Baptist associations are the oldest cooperative organizations in the Baptist denomination. The first Baptist association was organized in 1707 in Philadelphia, Pennsylvania. Baptist state and national conventions were organized later. Although local associations, state conventions, and national conventions collaborate in ministry, they are separate entities.
Dallas Baptist Association began in 1903 with 16 cooperating churches in Dallas County. It was originally named the Missionary Baptist Association of Dallas County, and Dr. George W. Truett, the pastor of First Baptist Church, Dallas, called the first meeting to order. R.C. Buckner, the founder of what was then called Buckner Orphans’ Home, was elected the moderator. The mission of the new association was “missionary, educational and benevolent, the promotion of harmony of feeling and concern of action among Baptists, and a system of cooperative measure for the promotion of the interests of the Redeemer’s Kingdom at home and abroad.”
As the city of Dallas grew in the early twentieth century, the membership of the association grew along with it. By 1923, DBA churches in Dallas claimed about 150,000 members. In 1945, at the encouragement of WMU leaders Gladys Moore and Mrs. C.L. Doughty, Mr. and Mrs. Tom Patton donated 512 wooded acres in Cedar Hill for a summer camp for children and teens. Now known as Mt. Lebanon, the camp provides year-round recreation and camping for all ages.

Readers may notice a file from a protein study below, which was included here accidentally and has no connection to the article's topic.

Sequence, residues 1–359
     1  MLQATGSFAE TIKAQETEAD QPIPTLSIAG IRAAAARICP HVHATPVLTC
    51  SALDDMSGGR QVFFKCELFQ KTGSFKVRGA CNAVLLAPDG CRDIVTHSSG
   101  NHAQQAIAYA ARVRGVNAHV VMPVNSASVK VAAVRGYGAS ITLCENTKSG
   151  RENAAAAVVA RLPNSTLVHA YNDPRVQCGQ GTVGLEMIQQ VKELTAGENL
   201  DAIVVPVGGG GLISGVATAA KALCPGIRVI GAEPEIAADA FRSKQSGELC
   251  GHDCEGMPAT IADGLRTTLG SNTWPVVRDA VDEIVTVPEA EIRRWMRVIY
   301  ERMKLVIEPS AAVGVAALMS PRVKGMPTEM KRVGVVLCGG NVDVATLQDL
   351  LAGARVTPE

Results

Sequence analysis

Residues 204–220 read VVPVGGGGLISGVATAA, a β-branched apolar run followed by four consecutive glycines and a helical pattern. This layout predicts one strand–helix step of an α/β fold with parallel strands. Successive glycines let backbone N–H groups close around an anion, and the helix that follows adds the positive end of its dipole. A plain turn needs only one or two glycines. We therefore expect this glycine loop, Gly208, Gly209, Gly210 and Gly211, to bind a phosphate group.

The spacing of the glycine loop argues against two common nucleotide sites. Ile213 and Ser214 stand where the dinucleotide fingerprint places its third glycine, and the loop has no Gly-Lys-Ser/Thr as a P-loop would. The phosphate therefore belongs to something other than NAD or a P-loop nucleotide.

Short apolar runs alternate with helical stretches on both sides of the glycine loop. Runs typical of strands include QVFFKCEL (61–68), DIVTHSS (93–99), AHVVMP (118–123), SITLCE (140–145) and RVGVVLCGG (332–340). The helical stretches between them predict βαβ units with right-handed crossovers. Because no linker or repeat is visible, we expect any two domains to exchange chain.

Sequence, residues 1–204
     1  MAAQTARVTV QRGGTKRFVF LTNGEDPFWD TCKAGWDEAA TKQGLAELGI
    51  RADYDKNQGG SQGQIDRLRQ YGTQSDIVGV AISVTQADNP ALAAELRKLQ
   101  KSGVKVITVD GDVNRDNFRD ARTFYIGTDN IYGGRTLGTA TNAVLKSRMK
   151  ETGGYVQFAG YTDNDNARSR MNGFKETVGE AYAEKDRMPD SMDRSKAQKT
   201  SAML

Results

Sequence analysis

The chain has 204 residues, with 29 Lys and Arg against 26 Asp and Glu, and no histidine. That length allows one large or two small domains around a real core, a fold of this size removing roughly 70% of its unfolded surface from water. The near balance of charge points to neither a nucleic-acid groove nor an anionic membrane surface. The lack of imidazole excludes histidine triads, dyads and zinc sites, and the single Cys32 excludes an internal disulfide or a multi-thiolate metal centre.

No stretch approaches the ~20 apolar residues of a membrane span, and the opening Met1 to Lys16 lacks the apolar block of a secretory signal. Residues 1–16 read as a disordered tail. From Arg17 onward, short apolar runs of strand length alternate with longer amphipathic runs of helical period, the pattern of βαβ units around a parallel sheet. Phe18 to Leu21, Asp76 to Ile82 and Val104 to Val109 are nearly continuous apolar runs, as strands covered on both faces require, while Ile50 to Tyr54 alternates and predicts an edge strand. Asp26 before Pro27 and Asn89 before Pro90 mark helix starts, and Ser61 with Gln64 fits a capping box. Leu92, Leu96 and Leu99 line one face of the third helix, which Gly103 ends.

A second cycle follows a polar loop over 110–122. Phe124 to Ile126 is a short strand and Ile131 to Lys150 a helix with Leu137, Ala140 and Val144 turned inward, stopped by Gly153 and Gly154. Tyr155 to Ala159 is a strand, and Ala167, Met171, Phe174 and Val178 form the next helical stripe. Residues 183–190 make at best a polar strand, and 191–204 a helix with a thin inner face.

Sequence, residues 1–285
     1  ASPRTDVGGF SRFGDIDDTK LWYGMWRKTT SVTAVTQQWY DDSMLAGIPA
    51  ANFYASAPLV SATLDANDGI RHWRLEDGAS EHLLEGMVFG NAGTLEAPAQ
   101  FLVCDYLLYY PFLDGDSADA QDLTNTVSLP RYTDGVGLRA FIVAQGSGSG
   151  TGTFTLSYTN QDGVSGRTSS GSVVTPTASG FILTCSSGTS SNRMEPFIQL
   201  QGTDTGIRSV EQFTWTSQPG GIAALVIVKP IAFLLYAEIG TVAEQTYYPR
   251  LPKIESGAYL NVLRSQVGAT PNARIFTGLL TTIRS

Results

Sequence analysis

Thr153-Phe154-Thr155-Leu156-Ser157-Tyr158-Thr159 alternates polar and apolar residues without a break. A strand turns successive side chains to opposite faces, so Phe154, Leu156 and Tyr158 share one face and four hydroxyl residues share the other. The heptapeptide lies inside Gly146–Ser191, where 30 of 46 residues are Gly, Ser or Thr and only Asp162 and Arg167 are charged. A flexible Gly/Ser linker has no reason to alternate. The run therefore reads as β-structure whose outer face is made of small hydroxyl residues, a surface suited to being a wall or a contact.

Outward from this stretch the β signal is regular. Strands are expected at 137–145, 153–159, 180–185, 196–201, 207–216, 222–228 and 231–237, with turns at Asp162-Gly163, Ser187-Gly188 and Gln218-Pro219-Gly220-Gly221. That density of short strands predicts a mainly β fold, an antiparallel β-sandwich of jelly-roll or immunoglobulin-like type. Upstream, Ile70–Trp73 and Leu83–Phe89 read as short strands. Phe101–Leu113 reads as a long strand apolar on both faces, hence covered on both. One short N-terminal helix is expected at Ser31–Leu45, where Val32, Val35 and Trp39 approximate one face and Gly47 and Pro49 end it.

The growth of Dallas’ suburbs in the years after World War II broadened the influence of DBA to county-wide. During the mid-twentieth century, church “program” meetings were the most visible expression of the association’s ministry. Sunday School leaders attended associational training events. The first training clinic for Vacation Bible School was in 1952, and more than 1200 people attended.
By 1960, 203 churches were members of DBA, and the association began to move toward a more comprehensive ministry approach. Church planting became a priority, and new churches began to multiply in Dallas as existing churches sponsored new congregations in housing subdivisions being built across the growing county. A director of Christian social ministries was added to the staff in 1960.
By 1989, 409 churches were members of the association. Desiring to follow where God was at work in Dallas and Rockwall counties, the ministry of the association was characterized by a strong emphasis on racial and ethnic diversity and strengthening inner city churches. In 1997, DBA reported 487 member congregations worshiping in 40 different languages.
Today, DBA continues its mission to assist its member churches in their mandate to “go and make disciples.” Its teams– evangelism, church planting, church strengthening, and Mt. Lebanon camp, provide encouragement, consultation, and resources to its diverse churches serving the international city that Dallas has become.